Hi Peter,

I hope you can help me out with an unusual repotting problem.

A well-meaning friend of ours recently sent us a “cactus garden” as a gift from an online website, pictured below:

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Any idea what the different species are? The online vendor simply labeled them all as “cacti”.

Well, the various cacti and succulents are doing fine so far, but now I think they are starting to crowd each other out. I was hoping to repot them, but the potting soil that they used is as hard as concrete! I can barely dent it with a hammer!

IMG_2483

Yes, it is that hard. I can’t even pull the wood chips out of the soil!

I have no idea what crazy concoction they are using as a soil. The directions that came with the garden only say that, “The cactus soil is a blend of nutrients combined with a hardening compound. It was scientifically developed to provide a healthy growing environment for cactus while also providing protection during shipment. Although it appears hard and impenetrable, the soil does absorb water and distributes it throughout the planter.”

Have you ever run into this strange potting medium before? If so, are the poor plants going to be okay in that stuff as they grow? And if not, what is the best way to get them out safely so that I can repot them?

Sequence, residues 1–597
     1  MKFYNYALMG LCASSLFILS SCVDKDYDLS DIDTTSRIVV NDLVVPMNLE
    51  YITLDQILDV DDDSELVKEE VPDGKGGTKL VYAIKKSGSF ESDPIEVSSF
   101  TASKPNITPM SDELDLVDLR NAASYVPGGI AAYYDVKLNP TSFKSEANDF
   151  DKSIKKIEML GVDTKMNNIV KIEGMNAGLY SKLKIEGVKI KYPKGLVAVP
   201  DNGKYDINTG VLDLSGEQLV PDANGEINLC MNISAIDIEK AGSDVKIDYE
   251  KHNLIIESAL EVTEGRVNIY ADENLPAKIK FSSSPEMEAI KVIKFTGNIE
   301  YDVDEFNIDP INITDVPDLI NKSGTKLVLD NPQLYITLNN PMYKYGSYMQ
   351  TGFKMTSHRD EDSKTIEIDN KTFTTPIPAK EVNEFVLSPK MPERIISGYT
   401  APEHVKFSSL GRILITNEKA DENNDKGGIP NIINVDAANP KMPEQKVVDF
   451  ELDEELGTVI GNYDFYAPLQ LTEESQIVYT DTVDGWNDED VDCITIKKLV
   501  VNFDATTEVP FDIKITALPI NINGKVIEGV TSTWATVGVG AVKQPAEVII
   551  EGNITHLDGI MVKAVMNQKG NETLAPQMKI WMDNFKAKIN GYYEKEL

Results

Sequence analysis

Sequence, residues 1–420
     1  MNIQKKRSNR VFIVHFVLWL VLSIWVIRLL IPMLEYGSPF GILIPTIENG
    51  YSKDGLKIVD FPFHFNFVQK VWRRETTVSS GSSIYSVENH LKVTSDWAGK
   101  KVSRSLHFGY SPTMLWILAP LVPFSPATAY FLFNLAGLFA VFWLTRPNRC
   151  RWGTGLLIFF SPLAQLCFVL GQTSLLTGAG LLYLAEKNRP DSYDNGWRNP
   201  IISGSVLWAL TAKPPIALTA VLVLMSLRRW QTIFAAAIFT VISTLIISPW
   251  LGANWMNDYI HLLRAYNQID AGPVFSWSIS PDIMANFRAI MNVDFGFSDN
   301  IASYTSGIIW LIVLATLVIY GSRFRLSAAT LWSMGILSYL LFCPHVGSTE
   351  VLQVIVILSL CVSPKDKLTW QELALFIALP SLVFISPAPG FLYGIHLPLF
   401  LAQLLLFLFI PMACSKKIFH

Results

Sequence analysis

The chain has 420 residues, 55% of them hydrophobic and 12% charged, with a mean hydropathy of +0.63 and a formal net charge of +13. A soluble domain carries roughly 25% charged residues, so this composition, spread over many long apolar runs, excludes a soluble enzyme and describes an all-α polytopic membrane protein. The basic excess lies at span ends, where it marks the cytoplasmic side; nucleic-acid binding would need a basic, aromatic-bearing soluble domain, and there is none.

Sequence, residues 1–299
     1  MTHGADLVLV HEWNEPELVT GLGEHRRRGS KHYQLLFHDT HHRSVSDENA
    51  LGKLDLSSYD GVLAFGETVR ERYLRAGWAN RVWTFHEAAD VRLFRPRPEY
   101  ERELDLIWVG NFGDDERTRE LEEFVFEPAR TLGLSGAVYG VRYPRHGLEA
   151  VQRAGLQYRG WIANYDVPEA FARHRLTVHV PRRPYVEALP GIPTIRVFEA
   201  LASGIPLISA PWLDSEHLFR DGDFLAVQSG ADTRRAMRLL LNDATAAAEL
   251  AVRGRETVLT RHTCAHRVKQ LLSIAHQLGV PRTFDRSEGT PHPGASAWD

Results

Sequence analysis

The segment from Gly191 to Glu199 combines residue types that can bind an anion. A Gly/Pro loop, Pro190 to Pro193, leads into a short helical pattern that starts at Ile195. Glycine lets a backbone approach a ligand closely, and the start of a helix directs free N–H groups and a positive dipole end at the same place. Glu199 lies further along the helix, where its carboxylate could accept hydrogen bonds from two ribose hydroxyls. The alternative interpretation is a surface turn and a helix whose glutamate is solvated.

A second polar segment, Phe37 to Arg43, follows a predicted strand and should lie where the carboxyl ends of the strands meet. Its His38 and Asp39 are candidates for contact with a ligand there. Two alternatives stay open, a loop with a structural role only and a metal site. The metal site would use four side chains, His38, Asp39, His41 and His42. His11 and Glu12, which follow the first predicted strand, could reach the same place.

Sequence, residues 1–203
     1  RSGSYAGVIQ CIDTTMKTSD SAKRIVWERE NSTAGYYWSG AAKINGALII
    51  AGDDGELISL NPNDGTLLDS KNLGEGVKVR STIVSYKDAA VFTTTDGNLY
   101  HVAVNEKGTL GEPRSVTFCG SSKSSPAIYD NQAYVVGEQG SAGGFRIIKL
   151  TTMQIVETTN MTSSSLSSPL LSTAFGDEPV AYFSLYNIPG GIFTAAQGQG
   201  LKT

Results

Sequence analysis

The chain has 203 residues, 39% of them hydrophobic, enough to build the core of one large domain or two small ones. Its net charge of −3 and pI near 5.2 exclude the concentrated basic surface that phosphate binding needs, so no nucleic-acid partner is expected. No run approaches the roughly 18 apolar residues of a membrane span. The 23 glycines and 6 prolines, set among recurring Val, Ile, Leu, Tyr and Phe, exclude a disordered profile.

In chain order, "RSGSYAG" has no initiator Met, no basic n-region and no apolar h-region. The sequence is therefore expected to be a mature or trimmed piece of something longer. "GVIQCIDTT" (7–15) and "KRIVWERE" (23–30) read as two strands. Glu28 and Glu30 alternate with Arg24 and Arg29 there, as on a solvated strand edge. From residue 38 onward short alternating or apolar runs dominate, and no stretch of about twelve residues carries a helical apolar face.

Finally, it is currently winter here in southern California, and the cacti are sitting outside on our back porch. Should I wait until the spring growing season before attempting to repot them? And how much space should I give them?

Thank you for all your help!

Sincerely,
Jonathan

Jonathan,
You have 3 cacti and 3 succulents. This type of potting is not intended as a long term solution, so yes they do have to come out of the concrete (and they do add gypsum, i.e. concrete, to the mix to get it to harden). So basically you will be rescuing the plants.

If they are healthy now, I would wait until spring. If they look desperate, then go ahead and get them out now.

I don’t have any secrets for rescuing them – get the whole thing out of the pot and chisel them apart as best you can trying to save some roots where possible, but allowing for the fact that these may be cuttings you are starting with once they are out.

Pot them in dry fast-draining cactus soil, keep dry for a couple weeks. I would try a 4″ pot for each plant, if I am judging the size correctly.

Succulent Species:
Crassula ovata (Jade)
Faucaria felina (Tiger Jaws)
Pachyphytum, maybe longifolium

Cactus species:
Cleistocactus strausii
Mammillaria
Parodia

Peter